They negotiated armed Taliban checkpoints, dodged beatings, fled gunfights and stampedes, crossed sewage-filled canals, and waited for hours under a baking sun, but last night more desperate Afghans with New Zealand visas managed to flee chaotic Kabul.
An elderly woman in a wheelchair was among a small group finally ushered inside the razor wire and iron gate perimeter security at Kabul's Hamid Karzai International Airport by soldiers in the early hours of this morning (NZ time).
The Herald understands at least five New Zealand visa holders managed to get through the chaotic and deadly scenes outside the airport, which is being controlled by the Taliban, after hours of negotiations and waiting.
However, in the chaos which included lowering the woman in a wheelchair 1.8m down into a canal filled with half a metre of filthy sewer water and lifted up on the other side, one man got lost in the crowd and separated from the group. He didn't make it through.
The ones who did will now be processed and looked after by a team of 19 New Zealand Defence Force (NZDF) personnel at an evacuation centre inside the airport before being putting on a military plane out of the country, probably at some point today.
A spokesman for the Afghan Association of New Zealand said last night's efforts to get the group out were a major relief.
"We still have more to go. The next week will be even more chaotic," he said.
It ends days of anxiety for the group, understood to have family in New Zealand, who have been dealing with government officials since the Taliban dramatically took control of Afghanistan on August 15 trying to secure a safe route out.
Security outside the airport has been volatile outside the airport where thousands are gathered.
There have been reports of several deaths, including seven in a panicked crush at the weekend, when an Afghan soldier was also killed in a firefight.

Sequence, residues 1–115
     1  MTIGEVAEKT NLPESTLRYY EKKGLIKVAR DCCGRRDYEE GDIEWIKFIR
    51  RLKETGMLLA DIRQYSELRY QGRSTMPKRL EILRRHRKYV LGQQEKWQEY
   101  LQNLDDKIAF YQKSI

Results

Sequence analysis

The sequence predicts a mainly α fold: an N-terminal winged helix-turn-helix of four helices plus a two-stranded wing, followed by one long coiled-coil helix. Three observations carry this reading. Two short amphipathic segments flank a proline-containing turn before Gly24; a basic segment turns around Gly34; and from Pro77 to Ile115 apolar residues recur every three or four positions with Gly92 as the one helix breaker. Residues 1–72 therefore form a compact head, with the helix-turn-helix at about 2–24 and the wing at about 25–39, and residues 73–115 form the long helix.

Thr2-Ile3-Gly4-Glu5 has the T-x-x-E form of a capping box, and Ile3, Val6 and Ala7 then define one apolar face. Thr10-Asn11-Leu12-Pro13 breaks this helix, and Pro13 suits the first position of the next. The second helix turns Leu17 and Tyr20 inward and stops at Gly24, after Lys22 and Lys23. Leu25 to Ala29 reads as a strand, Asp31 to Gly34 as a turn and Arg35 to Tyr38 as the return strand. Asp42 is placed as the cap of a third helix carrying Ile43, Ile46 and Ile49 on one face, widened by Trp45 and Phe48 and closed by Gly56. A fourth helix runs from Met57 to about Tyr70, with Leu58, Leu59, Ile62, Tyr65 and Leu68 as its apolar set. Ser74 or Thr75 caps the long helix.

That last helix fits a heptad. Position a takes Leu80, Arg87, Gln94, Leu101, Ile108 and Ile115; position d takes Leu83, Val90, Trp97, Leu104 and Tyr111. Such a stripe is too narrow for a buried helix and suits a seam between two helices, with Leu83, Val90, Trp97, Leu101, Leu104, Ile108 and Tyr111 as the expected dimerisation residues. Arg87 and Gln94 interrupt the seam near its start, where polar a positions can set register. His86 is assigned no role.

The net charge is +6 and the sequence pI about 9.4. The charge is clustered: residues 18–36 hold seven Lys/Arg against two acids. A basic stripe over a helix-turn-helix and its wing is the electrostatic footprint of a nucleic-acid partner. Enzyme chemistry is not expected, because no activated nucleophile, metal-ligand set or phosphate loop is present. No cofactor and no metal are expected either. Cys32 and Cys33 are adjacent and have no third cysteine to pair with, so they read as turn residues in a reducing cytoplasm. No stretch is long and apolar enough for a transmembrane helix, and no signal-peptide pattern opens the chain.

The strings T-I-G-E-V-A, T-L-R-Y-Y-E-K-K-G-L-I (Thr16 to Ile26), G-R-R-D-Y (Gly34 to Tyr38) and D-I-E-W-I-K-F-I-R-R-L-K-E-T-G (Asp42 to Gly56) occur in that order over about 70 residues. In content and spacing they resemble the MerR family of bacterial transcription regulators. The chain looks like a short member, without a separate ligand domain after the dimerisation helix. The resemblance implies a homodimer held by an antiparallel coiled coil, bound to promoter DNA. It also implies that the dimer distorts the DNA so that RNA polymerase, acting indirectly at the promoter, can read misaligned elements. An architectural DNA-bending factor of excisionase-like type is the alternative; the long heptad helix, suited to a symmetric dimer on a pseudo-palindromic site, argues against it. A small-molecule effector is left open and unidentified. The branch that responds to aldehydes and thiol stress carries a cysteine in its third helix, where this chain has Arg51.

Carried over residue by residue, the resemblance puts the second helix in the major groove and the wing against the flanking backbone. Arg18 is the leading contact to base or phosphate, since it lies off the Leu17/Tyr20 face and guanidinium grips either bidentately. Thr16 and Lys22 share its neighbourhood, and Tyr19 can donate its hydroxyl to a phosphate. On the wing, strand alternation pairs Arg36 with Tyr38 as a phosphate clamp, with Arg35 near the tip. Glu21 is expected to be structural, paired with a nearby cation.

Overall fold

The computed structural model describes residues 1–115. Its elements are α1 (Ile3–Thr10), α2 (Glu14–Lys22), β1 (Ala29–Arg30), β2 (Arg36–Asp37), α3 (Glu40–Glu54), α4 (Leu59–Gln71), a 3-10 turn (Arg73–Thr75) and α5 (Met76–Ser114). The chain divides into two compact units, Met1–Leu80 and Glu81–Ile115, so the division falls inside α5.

A desperate extended family of 16 were airlifted out on Sunday, stepping over dead bodies to reach US soldiers.
They will now be reunited with a desperate husband, father, and son in Auckland who himself fled Afghanistan in 2017 after his brothers and father were murdered by the Taliban.
The Ministry of Foreign Affairs and Trade (MFAT) has been helping more than 200 people but warned its ability to help people outside the airport, where the situation is so volatile, is limited.
The Taliban had warned any attempt by US troops to delay their withdrawal to give people more time to flee would "provoke a reaction" - but US President Joe Biden is reportedly sticking with his August 31 deadline for completing the US-led evacuation from Afghanistan.
Prime Minister Jacinda Ardern said on Monday the window to evacuate people out of Afghanistan was "unfortunately very limited".
"Despite our ongoing efforts, we cannot guarantee we can assist all those who are seeking to evacuate," she said.
"We are monitoring the situation and continue to work urgently with our international partners for the safe return of New Zealanders and those who have supported New Zealand."
A Royal New Zealand Air Force C-130, which left Whenuapai last week, has already made a mercy dash to Kabul's airport in recent days.
Crew managed to airlift a group in a quick turnaround, spending just half an hour on the tarmac.
And another group of New Zealand citizens, their families and other visa holders evacuated by the Royal Australian Air Force, have already safely made it to Auckland and are in MIQ.